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Archaeologists use the exponential, radioactive decay of carbon 14 to estimate the death dates of organic material.
The stable form of carbon is carbon 12 and the radioactive isotope carbon 14 decays over time into nitrogen 14 and other particles.
In the case of radiocarbon dating, the half-life of carbon 14 is 5,730 years.
This half life is a relatively small number, which means that carbon 14 dating is not particularly helpful for very recent deaths and deaths more than 50,000 years ago.
Much of the information presented in this section is based upon the Stuiver and Polach (1977) paper "Discussion: Reporting of C14 data". 1890 wood was chosen as the radiocarbon standard because it was growing prior to the fossil fuel effects of the industrial revolution.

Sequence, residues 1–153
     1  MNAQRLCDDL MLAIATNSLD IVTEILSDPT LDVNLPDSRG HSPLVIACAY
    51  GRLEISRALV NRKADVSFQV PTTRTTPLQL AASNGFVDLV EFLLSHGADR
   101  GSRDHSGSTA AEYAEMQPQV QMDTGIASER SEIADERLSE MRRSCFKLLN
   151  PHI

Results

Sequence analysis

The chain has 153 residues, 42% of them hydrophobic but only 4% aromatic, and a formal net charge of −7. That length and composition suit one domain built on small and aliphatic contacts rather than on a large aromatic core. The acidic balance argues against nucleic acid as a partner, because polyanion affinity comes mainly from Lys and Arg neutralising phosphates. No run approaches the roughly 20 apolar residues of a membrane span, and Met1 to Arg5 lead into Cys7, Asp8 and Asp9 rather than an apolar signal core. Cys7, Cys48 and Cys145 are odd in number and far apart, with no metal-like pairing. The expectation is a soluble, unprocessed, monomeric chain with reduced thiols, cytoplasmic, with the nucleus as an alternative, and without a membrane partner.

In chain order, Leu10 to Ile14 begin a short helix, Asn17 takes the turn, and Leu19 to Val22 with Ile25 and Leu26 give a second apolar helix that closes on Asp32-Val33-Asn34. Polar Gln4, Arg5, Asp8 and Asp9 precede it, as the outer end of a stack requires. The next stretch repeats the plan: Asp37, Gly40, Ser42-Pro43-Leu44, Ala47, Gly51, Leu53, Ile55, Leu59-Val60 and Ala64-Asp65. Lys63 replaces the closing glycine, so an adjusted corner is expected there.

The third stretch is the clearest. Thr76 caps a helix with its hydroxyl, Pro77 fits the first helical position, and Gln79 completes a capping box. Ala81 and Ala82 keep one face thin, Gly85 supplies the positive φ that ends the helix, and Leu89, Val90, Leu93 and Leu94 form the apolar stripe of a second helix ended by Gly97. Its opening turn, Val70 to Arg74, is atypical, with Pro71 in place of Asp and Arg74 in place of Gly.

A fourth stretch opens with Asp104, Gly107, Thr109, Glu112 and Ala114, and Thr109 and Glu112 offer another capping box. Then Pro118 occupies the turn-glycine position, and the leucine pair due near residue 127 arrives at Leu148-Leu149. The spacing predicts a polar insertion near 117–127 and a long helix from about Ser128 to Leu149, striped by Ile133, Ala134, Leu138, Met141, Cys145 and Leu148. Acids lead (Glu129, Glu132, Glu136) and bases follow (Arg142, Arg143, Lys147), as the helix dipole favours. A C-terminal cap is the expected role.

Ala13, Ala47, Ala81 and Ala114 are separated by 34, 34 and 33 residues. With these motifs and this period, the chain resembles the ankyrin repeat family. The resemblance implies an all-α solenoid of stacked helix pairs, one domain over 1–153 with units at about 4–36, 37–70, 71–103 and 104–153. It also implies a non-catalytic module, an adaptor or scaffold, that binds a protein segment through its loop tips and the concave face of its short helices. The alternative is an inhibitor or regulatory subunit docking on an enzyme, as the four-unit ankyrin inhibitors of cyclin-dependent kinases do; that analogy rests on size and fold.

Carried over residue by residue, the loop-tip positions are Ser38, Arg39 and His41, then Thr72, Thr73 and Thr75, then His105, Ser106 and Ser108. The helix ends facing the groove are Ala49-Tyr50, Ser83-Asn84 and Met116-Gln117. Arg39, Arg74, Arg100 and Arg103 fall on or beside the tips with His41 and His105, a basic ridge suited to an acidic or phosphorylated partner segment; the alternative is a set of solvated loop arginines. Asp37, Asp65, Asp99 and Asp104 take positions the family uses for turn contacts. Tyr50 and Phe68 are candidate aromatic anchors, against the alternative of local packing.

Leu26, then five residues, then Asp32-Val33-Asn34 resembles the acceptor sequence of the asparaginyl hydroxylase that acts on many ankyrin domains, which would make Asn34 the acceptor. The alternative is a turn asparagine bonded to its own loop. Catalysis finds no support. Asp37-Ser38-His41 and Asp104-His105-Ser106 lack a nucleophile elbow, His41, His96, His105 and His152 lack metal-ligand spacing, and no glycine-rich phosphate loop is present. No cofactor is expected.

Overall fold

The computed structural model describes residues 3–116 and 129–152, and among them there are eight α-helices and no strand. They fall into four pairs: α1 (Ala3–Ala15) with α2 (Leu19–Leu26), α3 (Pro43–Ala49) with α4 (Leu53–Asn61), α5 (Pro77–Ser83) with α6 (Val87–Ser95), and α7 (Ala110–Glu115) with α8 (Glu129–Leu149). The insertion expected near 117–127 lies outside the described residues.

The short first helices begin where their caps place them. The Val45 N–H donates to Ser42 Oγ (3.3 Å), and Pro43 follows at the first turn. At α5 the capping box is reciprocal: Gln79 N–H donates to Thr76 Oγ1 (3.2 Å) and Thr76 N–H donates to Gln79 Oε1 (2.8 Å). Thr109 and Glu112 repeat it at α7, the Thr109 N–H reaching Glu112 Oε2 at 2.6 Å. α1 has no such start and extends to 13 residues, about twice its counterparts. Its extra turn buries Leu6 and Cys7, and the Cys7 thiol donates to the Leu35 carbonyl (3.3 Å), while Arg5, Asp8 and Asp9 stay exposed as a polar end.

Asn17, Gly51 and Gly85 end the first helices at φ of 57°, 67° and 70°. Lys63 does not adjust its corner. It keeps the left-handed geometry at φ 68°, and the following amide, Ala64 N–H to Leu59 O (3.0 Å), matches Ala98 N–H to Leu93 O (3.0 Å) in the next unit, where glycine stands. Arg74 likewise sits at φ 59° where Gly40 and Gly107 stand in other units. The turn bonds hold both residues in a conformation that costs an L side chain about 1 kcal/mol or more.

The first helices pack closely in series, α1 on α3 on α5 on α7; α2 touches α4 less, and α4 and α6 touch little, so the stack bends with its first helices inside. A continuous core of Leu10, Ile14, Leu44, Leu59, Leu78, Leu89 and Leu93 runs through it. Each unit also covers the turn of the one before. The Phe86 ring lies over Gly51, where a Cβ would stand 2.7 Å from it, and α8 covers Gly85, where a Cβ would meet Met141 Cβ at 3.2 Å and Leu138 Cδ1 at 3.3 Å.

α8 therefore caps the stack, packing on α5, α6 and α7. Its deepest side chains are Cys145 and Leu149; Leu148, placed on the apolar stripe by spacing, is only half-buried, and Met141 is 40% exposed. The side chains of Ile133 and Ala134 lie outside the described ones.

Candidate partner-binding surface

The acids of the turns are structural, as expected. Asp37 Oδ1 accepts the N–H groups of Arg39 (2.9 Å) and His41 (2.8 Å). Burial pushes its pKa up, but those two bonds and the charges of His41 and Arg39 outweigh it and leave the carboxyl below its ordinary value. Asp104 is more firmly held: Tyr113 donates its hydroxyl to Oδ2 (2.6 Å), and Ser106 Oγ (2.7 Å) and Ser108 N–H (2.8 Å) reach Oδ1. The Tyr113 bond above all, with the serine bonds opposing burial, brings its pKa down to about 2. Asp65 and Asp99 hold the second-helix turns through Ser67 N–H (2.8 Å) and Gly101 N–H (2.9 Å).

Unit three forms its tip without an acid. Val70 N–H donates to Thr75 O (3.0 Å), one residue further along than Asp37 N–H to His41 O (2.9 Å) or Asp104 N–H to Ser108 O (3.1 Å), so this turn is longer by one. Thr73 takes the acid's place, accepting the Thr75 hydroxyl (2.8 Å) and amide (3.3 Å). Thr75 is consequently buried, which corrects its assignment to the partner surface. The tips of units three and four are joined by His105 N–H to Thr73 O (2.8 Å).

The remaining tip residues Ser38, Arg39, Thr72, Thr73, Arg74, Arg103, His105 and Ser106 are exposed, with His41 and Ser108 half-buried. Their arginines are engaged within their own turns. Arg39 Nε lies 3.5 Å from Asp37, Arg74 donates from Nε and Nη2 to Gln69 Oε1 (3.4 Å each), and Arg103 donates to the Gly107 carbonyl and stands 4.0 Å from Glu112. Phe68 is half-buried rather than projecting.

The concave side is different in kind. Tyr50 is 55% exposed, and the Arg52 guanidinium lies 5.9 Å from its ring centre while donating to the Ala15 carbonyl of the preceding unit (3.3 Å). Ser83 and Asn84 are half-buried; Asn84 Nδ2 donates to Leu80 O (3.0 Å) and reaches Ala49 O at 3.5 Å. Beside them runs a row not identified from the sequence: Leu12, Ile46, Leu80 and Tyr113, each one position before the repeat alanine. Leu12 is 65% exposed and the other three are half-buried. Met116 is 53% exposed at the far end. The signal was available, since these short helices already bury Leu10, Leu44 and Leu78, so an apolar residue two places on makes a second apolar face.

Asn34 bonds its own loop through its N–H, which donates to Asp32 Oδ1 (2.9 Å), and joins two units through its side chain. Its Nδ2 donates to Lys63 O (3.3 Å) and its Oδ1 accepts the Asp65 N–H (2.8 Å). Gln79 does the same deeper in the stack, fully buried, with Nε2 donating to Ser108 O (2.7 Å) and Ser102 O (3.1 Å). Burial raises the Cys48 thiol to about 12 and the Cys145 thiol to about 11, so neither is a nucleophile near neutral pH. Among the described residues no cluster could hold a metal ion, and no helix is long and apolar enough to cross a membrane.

Experts can compare the ratio of carbon 12 to carbon 14 in dead material to the ratio when the organism was alive to estimate the date of its death.Carbon is naturally in all living organisms and is replenished in the tissues by eating other organisms or by breathing air that contains carbon.At any particular time all living organisms have approximately the same ratio of carbon 12 to carbon 14 in their tissues.The radiocarbon dating method is based on the fact that radiocarbon is constantly being created in the atmosphere by the interaction of cosmic rays with atmospheric nitrogen.The resulting radiocarbon combines with atmospheric oxygen to form radioactive carbon dioxide, which is incorporated into plants by photosynthesis; animals then acquire in a sample from a dead plant or animal such as a piece of wood or a fragment of bone provides information that can be used to calculate when the animal or plant died.